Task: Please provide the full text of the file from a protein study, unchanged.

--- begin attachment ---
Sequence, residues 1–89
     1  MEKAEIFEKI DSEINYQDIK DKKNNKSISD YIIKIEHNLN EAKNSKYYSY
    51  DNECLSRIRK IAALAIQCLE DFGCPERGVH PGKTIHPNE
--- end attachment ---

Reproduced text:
Sequence, residues 1–89
     1  MEKAEIFEKI DSEINYQDIK DKKNNKSISD YIIKIEHNLN EAKNSKYYSY
    51  DNECLSRIRK IAALAIQCLE DFGCPERGVH PGKTIHPNE